Reduction in radiation dose during CCTA has been made possible using two different methods. The first method utilises the fact that, due to the elliptical axial section of the human body, the attenuation of the X-ray is less if the X-ray beam traverses in an anterior–posterior (AP) direction as opposed to a lateral direction.
Hence, less X-ray energy is required to produce a comparable image in an AP direction compared with an X-ray source in a lateral direction.36,37 The second method involves the optimisation of radiation exposure by electrocardiogram (ECG)-controlled tube current modulation during periods of the cardiac cycle where cardiac motion artifact is minimised (ventricular diastole).38–40 Reduction of the tube current output in systole when the likelihood of cardiac motion artifact is higher can result in dose reductions of 45–48%, depending on the patient’s heart rate.38
Many studies have been performed to analyse the radiation dose of CCTA. Some of the earlier studies had shown that the radiation dose from MDCT is approximately 4–7mSv and is comparable to that from uncomplicated conventional coronary angiography.40–43 In a study where the ICA was performed by different cardiologists, the average dose varied from 3.1mSv to 8.6mSv.44 In a more recent study, continuous scanning with the newer 64-slice CT scanner without using ECG-controlled tube current modulation resulted in an ED of 13.4mSv for men and 18.9mSv for women. With dose modulation, the ED was reduced to 7.45–8mSv for men and 10.25–11.3mSv for women. This study assumed an effective mAs of 880.16 In our centre, using the 64-slice CT scanner the tube current for CCTA studies is routinely set between 500 and 600mAs.
The increased radiation risk of CCTA is offset by the increased morbidity and mortality risks of ICA. In one prospective study that investigated the risk of stroke embolisation following ICA, asymptomatic new cerebral infarction detected using magnetic resonance imaging (MRI) following left cardiac catheterisation occurred in 15% of patients.45 Hence, invasive cardiac catheterisation carries a significant risk of embolic stroke – mainly ‘silent stroke’.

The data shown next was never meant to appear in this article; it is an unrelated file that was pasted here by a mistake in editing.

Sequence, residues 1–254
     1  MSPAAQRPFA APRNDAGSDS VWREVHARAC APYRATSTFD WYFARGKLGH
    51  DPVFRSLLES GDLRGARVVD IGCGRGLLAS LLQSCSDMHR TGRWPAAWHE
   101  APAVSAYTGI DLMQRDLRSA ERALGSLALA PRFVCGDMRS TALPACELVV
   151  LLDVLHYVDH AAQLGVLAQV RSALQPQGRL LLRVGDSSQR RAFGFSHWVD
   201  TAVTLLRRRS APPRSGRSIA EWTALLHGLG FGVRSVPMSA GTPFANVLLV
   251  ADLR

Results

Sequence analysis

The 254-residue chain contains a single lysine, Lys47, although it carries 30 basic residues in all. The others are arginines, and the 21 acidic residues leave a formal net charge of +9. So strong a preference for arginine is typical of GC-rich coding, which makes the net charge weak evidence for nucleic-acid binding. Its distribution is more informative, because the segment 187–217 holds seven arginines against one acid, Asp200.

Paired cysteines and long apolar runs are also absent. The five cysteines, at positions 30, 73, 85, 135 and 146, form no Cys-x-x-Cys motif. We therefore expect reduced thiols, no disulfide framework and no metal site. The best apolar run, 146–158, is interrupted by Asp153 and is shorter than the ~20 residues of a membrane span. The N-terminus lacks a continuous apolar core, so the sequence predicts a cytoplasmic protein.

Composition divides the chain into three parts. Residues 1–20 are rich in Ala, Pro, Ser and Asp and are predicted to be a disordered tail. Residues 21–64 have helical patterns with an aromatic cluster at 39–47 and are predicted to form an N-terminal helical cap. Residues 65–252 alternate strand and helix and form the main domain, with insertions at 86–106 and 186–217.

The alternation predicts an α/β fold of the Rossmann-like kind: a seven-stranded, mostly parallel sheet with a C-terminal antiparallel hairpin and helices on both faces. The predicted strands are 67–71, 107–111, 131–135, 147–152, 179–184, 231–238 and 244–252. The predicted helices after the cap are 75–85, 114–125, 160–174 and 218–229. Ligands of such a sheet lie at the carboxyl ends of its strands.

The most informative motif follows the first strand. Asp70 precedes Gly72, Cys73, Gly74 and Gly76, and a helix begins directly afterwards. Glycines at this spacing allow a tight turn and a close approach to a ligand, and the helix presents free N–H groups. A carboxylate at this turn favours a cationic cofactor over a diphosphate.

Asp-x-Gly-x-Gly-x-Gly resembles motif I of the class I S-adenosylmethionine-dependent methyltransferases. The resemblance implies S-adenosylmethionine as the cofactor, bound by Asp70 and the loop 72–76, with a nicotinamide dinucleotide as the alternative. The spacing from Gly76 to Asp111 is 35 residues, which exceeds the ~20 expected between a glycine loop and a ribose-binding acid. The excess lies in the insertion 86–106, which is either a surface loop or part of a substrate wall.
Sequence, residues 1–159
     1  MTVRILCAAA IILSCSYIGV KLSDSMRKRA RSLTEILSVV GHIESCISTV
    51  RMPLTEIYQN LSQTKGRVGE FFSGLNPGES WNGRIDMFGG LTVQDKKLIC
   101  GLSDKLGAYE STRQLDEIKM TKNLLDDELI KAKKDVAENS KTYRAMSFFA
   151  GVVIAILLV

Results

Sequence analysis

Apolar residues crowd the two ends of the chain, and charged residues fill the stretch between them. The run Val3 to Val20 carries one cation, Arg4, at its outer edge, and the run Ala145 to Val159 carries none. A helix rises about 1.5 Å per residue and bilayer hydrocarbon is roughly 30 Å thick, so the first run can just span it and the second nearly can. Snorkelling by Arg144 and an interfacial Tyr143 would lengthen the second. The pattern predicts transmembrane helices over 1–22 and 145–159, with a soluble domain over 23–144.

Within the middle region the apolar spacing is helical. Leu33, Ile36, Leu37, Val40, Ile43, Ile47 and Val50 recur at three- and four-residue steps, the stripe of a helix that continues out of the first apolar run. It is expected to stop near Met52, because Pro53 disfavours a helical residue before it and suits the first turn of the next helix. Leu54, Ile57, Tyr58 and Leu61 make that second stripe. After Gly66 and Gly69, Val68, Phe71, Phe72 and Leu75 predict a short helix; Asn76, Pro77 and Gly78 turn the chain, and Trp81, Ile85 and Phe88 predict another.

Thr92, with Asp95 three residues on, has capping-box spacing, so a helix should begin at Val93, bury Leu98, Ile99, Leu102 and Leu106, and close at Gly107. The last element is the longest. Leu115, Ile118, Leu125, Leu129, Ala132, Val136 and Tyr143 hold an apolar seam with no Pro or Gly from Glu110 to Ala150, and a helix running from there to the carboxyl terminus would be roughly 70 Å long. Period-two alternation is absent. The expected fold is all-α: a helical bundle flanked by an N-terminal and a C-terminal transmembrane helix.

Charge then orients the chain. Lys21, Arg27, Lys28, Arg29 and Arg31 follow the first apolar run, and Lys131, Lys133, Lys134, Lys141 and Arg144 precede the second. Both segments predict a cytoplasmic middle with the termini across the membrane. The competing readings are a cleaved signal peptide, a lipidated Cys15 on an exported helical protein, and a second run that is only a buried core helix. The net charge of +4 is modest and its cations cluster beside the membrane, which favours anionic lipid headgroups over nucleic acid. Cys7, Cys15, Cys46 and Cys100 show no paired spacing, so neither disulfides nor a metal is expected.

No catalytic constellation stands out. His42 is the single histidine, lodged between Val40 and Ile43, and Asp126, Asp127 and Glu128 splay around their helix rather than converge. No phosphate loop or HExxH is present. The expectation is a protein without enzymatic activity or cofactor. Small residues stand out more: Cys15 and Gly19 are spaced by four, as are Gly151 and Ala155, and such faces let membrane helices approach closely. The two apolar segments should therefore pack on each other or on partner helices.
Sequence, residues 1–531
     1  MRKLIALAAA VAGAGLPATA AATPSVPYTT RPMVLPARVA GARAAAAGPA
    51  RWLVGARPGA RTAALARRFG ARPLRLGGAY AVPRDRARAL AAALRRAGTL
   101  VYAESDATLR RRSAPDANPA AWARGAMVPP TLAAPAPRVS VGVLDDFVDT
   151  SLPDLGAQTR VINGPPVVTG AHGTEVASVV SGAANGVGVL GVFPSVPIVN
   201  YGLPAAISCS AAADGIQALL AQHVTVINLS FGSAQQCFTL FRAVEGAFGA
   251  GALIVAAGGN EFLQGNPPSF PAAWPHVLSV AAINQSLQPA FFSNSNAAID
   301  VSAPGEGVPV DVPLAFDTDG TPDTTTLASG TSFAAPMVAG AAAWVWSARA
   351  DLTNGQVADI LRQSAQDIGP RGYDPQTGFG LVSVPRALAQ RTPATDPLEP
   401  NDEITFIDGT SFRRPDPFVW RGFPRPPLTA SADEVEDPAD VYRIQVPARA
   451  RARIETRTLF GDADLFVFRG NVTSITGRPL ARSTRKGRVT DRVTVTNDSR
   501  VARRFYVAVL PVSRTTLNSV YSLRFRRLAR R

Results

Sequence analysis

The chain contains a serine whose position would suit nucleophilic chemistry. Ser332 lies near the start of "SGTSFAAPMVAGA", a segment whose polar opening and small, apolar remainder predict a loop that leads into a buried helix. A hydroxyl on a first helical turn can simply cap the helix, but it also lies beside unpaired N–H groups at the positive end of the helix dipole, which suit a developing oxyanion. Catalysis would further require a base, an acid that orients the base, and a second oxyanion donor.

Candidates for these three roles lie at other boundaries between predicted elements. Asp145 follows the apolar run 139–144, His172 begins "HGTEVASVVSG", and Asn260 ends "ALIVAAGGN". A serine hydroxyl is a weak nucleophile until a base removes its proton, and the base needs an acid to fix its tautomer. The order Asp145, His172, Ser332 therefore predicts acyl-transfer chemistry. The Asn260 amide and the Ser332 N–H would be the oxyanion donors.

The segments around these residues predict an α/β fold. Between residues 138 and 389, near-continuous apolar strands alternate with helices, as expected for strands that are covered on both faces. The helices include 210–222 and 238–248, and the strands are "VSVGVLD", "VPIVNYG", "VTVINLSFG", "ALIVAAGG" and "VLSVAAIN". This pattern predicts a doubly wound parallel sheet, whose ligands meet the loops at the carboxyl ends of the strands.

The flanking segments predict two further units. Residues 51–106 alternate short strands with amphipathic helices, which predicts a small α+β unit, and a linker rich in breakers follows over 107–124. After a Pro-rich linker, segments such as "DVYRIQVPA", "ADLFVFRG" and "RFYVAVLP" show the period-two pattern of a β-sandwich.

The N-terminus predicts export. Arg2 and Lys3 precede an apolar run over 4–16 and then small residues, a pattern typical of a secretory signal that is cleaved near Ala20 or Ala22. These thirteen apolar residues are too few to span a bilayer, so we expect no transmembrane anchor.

ICA carries a non-radiogenic risk of mortality of 0.11%, a major complication risk (excluding contrast reaction) of 1.3%, a radiogenic risk of mortality of 0.02%, an overall mortality risk of 0.13% (nearly two-fold higher than that of CCTA) and a major complication risk of 1.3%.46,47 These risks do not include contrast reactions and silent strokes. In comparison, CCTA carries no non-radiogenic risk of mortality and no major complication risk, and the radiogenic risk of mortality is 0.07%.47
Hence, with proper optimisation of the protocols and settings, the radiation risk of CCTA can be minimised and the overall mortality and morbidity risks of CCTA are favourably weighted towards CCTA compared with ICA. The main risk of CCTA is the radiation risk, and radiation protection of patients is necessary. Radiation protection of patients means that the justification for the radiological procedure is based on the premise that the potential benefit for the patient outweighs the potential risk of radiation. It also means that the ED for each procedure is calculated to assess the risk–benefit value of the CT examination and the effectiveness of the protocols and settings in minimising radiation risks.
CCTA can provide 3D visualisation of the coronary vessel wall structure, heart muscle, valves, pericardium and even ventricular contractility function. It has a higher sensitivity and specificity for the detection of coronary artery disease compared with conventional non-invasive tests. Its main disadvantage is its potential radiation risk. However, this is balanced by it being the only non-invasive cardiac imaging modality that is able to detect the sub-clinical plaques that may predispose to myocardial infarction and its ability to provide plaque characterisation. Hence, it can potentially play a role in the risk stratification of patients with cardiovascular risk factors and provide physicians with added information on treatment decisions.
In contrast to ICA, which visualises only the lumen of coronary arteries, CCTA holds the potential for a comprehensive examination of the heart using one single examination technique. In addition, it can provide information on plaque distribution and characteristics that cannot be obtained by ICA. The examination is easily reproducible and objective and has a very high NPV. In high-volume experienced centres, a high PPV is also attainable. CCTA may potentially provide an alternative for patients who have met the contraindications for ICA. In our centre, CCTA has replaced ICA as the investigation of choice for patients who are thought to have coronary artery disease. However, in some patients the presence of severe calcification can present significant diagnostic challenges. As technology advances, MDCT imaging of the coronary arteries will become more widely used and will grow in importance as a diagnostic tool for the management of coronary artery disease.